difficulty even to defend itself. The miMay 28. Mr. David Hartley rose and nisters of this country first introduced fosaid: I propose, with your permission, reign forces into the contest. The Ame. this day, to offer the following motion to ricans have now in their turn called in a the House: “ That an humble Address foreign power to their aid. We know that be presented to his Majesty, to intreat his a French fleet of 12 or 14 ships of the Majesty, that he will be graciously pleased line (and, as report says, with 3,000 land not to prorogue the parliament, but' that forces on board) has sailed these six weeks he will suffer them to continue sitting for from Toulon to their assistance. Then the purpose of assisting and forwarding see what a situation your remaining army the measures already taken for the Resto- will soon be in. The whole force of Ameration of Peace in America ; and that they rica augmenting and triumphant, against may be in readiness, in the present critical a brave, but diminished and 'deserted situation and prospect of public affairs, to army, for the ministry have taken no care provide for every important event at the
to send them sufficient succours. These earliest notice. This motion was ori. are the events which are coming upon you ginally a part, and intended to have been without delay. Let me then ask, whether subjoined to the motion which I offered this be the time to be prorogued for sumyesterday to the House; but as this pro- mer amusements; or rather ought we not, position was independent of the other, I at such a moment, to redouble our anxiety was induced to separate them, to accon- and attention, to provide “ne quid detrimodate myself to the sentiments of some menti capiat res publica." hon. gentlemen who were willing to give Another argument that I would offer to their assent to the declaratory Address, you against a prorogation is, that we may but not to the proposition of keeping the be found watchful upon our post, as the parliament any longer sitting. The per- guardians of this country, to be in readi- . son to whom I more particularly allude, is ness to receive at the earliest moment, the the noble lord at the head of the Trea. report from the commissioners, who are sury, to whom I beg leave to return my gone to offer a treaty to America. I think best thanks for his support of my motion we may be but too well assured what that yesterday, though it was ineffectual
. There answer will be. Can it be believed that a is no obligation that I could feel more nation who renounced the government of sensibly, because there is nothing that I this country, and asserted their indepenhave so much at heart as cultivating and dence even as a challenge to you two years ago, when you made the great and the alliance between France and America ? formidable attack upon them, being then Certainly not. America will be faithful without allies ; can it, I say, be conceived to her alliances. Remember at the same that the same people, having now success- time, that it is the ministry of this counfully asserted that independence, and try which has driven them into those al. being triunphantly in possession of it, liances. These points are fixed; I know with foreign alliances for their farther sup- they are. I have had some means of inport, now that your force is but little better formation authentic upon these subjects, than totally defeated, should for no reason, that I am confident I am not deceived. If and from no necessity, relinquish that as a private person, I might give an opisituation of independence, which you can- nion, I would endeavour to obtain your not wrest from them? It is an impossible consent to the following terms, as the expectation. The declaration of indepen. basis of a negociation. I have the strongest dence has not only passed in Congress, reasons to know that this country will but every province has adopted the new never get better terms of treaty. I have government of independence; and almost explained the reasons of my conviction every individual upon the continent has to his Majesty's ministers, and have laid taken the oath of allegiance to their re- before them the following heads of negospective new governments. Besides these ciation, as the result of the best opinion proofs, which I think can hardly be called and expectation, that in my opinion, the presumptive proofs, because they amount case presents: That America be declared to a certainty, we have, however, recent independent: That Great Britain and and positive proofs which lately arrived America shall agree mutually not to enter from America. I mean the resolution of into any treaty offensive to each other: the Congress of the 22d of November, That an open and free trade shall be 1777, which runs to this effect: “ Re- established between Great Britain and solved, that all proposals for a treaty be- America: That a mutual naturalization tween the King of Great Britain, or any shall be established between Great Britain of his commissioners, and the United States and America: Thąt commissioners be apof America, inconsistent with the indepen-pointed on each part, to negociate a dence of the said states, or with such trea. | fæderal alliance between. Great Britain ties or alliances as may be formed under and North America. their authority, will be rejected by Con- Sir George Savile seconded the motion. gress.” These are the considerations No person offering to answer, the Speaker which induced me to offer you the motion, was proceeding to put the question. Gewhich I did yesterday. I am confident neral Burgoyne applied to the Treasurythat you have sent your commissioners bench, to know whether the King's serupon a needless errand, and that they will vants meant to agree to the motion? In return with a refusal ; for which reason, if which case he said he should give the I could have had any influence with the House no trouble: that otherwise he House, I would have recommended to thought liimself pledged to deliver his them as a preparation for such an event, sentiments. The call was, “ Go on;" and to have come to a declaration, that, pre- General Burgoyne proceeded as folferring peace above every other conside- lows: ration, they would have been ready to co- Mr. Speaker, I shall not pursue the ar. operate with his Majesty in any farther gument of the hon. gentleman, upon the conciliatory measures, which might be expediency of parliament being ready sitnecessary to give efficacy to their pacific ting to deliberate upon the first intelliintentions.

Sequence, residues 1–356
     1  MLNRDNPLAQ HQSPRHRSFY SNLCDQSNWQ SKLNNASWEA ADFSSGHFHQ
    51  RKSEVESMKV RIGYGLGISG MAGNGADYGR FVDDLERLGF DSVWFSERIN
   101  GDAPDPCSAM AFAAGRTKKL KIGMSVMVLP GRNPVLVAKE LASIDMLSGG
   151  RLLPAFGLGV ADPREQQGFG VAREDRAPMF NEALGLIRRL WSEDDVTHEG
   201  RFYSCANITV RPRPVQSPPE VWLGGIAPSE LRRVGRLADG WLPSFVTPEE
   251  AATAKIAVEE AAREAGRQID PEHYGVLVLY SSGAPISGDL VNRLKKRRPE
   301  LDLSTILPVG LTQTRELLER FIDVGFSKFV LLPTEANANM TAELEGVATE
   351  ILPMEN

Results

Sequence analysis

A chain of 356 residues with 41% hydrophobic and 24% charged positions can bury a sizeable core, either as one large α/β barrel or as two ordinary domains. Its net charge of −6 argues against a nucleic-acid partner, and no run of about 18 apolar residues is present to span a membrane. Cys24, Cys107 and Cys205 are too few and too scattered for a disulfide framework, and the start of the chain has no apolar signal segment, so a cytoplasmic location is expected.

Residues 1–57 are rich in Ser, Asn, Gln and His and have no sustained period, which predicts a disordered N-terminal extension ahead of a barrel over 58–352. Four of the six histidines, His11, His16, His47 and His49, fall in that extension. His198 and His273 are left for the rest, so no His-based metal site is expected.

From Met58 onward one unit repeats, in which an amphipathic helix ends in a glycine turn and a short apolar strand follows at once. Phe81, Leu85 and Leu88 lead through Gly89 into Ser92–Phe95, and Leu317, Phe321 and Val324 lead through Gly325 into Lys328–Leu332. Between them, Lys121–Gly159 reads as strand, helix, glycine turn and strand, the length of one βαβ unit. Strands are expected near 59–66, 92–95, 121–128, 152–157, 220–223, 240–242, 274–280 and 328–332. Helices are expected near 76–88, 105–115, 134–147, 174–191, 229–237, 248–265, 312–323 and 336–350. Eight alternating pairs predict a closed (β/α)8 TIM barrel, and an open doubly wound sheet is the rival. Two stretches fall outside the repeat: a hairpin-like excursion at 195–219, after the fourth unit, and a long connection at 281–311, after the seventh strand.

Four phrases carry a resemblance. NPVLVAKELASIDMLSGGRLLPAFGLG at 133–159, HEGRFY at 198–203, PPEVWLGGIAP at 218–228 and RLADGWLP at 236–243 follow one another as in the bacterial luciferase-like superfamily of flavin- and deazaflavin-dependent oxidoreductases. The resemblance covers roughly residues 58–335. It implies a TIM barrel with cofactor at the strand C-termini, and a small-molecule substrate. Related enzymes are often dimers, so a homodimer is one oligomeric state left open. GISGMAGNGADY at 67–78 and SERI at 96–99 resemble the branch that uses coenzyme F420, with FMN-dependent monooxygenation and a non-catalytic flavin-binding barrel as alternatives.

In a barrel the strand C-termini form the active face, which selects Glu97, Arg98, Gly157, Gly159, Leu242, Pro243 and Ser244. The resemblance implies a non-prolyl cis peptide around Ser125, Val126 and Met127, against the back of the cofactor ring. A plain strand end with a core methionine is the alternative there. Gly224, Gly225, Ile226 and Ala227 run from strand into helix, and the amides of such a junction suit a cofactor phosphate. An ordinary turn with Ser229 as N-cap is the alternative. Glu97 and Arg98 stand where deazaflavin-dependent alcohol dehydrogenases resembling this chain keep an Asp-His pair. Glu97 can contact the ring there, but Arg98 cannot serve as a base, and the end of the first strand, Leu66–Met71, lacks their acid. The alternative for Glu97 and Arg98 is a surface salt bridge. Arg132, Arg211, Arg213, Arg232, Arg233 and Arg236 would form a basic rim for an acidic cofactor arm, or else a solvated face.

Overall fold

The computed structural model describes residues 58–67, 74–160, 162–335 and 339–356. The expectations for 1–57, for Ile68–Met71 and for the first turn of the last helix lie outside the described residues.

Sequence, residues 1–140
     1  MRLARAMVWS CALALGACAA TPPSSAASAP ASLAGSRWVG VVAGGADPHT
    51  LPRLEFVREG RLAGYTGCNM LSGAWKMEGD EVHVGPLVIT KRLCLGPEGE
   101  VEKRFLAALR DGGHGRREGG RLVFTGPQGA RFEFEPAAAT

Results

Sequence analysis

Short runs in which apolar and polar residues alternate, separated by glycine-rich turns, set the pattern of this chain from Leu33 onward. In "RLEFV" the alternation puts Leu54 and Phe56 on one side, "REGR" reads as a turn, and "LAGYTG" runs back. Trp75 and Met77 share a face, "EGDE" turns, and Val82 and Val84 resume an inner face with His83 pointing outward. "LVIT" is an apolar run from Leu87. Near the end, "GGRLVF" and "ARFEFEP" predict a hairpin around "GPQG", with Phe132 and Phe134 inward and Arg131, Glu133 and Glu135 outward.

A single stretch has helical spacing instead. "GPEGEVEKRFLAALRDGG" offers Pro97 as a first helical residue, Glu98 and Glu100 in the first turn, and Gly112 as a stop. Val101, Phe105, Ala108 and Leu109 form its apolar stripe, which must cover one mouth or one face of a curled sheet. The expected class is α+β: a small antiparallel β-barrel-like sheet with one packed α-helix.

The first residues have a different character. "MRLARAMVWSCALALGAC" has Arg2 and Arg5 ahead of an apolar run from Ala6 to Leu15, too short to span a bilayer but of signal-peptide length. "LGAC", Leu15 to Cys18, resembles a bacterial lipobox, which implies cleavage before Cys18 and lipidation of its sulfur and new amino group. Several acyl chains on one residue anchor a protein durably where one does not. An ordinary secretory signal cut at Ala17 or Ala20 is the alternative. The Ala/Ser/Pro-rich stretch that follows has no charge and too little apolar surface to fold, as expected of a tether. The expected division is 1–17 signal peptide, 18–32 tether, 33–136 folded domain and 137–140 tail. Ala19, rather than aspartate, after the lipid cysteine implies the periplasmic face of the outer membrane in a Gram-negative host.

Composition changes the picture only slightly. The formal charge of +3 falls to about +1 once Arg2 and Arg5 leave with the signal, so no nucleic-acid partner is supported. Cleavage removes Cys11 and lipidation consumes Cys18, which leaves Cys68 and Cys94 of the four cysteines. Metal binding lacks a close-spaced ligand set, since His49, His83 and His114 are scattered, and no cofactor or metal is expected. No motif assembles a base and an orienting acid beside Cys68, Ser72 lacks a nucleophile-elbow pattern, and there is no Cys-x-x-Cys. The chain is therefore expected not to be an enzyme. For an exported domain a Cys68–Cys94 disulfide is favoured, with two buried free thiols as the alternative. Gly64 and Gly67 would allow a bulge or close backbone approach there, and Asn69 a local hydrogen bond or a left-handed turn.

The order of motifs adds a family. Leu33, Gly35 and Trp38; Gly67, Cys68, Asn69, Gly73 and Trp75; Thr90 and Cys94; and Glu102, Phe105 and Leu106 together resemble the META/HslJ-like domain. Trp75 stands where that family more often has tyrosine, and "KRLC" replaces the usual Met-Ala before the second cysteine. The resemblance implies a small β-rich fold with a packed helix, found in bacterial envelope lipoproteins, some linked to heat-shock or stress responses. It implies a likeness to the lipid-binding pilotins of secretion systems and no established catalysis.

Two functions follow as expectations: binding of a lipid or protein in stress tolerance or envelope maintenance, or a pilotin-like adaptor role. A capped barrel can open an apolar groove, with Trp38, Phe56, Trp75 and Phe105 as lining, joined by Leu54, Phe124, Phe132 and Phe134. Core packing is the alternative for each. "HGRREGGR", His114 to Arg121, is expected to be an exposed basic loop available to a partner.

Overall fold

gence that may arrive from your commisIf any man were to put the question to síoners ; that argument has already been me, what should we do in the present cir- too ably enforced to require a second: cumstances of our affairs ? if my motion neither, Sir, after so long an indulgence of this day were to be complied with, I as I received in a former debate, shall I confess I should be put to a great difficulty again press upon the attention of the to give him an answer. But this is an House the debt they owe to national jusadditional reason for taking the wise and tice and policy, upon the subject of en: prudent advice that parliament upon con- quiry : though the generals Howe and sultation might afford. The point of in- Carleton may be expected every day; and dependence is over ; do not deceive your it was upon their absence alone, that the selves upon that subject. Can you break greater part of the House seemed disposed